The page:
Could the eye be the window to Alzheimer’s?

Could the eye be the window to Alzheimer’s?

Elevated levels of amyloid beta, a protein associated with Alzheimer’s, have been found in the eyes of animal models in the early stages of the disease.

Close-up of a human eye

The result was one finding from two recent comprehensive studies looking at the effects of amyloid beta in cell and mice models of Alzheimer’s, conducted by the Australian Proteome Analysis Facility’s (APAF) Scientific Director Dr Mehdi Mirzaei and his team in collaboration with Dr Vivek Gupta and other researchers from Macquarie’s Faculty of Medicine and Health Sciences.

Alzheimer’s disease affects an estimated 45 million people worldwide, and there is currently no simple diagnostic test to determine whether a person has the disease.

Recent research has suggested that Alzheimer’s also affects your eyes, although the exact details of how it affects the eyes are unclear.

“These studies demonstrate for the first time that amyloid beta is elevated in the eyes, specifically photoreceptor cells in the retina, even in the early stages of the disease,” says Mehdi.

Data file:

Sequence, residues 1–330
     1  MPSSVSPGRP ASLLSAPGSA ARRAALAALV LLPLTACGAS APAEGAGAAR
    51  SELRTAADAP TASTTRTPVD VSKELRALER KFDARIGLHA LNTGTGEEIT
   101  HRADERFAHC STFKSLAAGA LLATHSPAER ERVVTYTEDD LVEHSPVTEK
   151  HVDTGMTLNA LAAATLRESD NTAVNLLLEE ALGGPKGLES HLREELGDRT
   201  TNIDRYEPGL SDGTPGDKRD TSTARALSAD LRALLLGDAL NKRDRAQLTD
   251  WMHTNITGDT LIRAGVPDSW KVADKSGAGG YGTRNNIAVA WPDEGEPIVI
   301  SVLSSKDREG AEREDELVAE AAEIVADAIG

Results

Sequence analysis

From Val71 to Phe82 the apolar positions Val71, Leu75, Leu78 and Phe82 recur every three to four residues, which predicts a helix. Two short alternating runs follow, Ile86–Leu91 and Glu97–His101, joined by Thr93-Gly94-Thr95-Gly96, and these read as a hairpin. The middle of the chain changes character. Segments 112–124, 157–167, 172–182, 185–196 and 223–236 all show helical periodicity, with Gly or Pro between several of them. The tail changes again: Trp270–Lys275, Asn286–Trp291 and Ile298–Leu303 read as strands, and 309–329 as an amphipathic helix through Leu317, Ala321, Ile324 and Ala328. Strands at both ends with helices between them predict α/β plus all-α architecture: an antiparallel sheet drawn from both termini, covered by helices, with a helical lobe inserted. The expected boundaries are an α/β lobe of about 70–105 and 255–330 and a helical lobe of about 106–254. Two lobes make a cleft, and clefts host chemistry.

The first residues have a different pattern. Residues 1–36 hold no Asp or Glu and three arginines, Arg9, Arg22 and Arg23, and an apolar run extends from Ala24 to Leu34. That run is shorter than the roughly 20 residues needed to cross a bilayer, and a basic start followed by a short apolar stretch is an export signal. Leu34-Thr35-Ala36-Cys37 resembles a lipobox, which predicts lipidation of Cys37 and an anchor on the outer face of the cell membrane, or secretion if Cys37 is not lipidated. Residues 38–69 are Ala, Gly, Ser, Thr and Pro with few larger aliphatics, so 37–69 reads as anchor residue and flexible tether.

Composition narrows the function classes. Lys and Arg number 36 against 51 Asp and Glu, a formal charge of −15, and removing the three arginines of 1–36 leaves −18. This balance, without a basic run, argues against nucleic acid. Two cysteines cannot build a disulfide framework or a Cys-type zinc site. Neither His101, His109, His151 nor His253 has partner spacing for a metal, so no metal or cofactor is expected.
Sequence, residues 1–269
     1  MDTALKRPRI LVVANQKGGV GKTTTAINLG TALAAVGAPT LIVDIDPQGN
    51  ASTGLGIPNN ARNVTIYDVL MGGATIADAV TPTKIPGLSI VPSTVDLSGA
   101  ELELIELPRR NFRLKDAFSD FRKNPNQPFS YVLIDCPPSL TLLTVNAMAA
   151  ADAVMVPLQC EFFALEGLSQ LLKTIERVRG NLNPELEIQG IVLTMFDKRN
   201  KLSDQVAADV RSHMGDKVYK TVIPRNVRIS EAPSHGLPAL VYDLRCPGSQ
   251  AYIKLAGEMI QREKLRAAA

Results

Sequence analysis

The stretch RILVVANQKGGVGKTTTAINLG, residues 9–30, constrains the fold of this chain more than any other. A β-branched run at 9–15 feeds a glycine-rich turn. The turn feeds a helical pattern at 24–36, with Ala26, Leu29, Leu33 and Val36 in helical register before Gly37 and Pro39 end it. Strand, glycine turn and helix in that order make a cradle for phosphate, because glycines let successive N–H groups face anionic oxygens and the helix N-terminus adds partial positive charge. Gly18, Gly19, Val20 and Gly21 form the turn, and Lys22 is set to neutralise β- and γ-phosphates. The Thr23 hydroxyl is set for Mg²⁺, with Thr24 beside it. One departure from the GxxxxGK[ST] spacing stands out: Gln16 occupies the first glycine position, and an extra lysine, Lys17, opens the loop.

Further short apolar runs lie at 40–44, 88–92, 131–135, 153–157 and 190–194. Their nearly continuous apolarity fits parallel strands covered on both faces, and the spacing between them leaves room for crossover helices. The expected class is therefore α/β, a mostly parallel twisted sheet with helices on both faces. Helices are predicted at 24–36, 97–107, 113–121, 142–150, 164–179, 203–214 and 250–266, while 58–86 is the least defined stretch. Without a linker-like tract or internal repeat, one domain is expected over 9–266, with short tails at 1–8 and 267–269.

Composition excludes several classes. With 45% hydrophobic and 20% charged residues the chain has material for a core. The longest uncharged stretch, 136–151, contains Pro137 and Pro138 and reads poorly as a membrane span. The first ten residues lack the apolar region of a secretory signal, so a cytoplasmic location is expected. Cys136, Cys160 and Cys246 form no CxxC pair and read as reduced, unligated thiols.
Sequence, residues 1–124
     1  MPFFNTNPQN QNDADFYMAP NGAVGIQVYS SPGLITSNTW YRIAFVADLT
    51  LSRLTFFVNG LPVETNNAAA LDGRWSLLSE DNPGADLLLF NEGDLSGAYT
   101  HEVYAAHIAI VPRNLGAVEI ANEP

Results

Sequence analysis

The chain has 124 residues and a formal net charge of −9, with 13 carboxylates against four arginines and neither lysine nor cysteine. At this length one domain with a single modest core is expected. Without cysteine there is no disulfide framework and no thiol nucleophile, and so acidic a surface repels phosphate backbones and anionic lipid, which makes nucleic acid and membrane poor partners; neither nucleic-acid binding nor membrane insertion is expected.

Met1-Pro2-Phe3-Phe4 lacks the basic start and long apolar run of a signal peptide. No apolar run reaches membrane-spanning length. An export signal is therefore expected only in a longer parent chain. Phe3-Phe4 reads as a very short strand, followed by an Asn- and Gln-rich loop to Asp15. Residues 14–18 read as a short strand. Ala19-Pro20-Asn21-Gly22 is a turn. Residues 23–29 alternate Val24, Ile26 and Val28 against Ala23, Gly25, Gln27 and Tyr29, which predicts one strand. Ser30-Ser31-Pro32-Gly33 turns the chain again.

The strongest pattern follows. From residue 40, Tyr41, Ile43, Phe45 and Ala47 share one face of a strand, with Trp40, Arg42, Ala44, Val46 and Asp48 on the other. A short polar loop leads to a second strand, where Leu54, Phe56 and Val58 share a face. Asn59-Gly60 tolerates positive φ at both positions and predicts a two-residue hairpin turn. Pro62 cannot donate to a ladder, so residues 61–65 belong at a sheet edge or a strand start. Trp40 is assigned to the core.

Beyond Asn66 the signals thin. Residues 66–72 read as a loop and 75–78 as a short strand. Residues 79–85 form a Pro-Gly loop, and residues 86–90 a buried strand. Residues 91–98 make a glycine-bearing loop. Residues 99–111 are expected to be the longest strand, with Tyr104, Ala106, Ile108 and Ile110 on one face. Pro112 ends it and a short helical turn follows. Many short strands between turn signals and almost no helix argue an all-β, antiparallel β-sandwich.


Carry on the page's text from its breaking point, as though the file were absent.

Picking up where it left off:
Such changes in the eyes could be used as an early marker of Alzheimer’s disease, he says.

The studies also provided insights into the molecular changes that occur in the retina as the amyloid beta accumulates.

“Such data can be used to better understand the mechanisms of Alzheimer’s disease,” says Mehdi, “and may highlight new targets for drug development, as well as better ways to diagnose and monitor the progression of the disease.”

These studies are a step towards identifying changes in the retina that could lead to a specific Alzheimer’s disease biomarker in humans.

Retinal screening holds the promise of being able to detect such markers more cheaply than brain imaging, and before the disease progresses to an advanced stage.

Read the papers: Molecular Neurobiology paper; Frontiers in Molecular Neuroscience paper.

Photo by Marc Schulte.

Published 18 April 2019.

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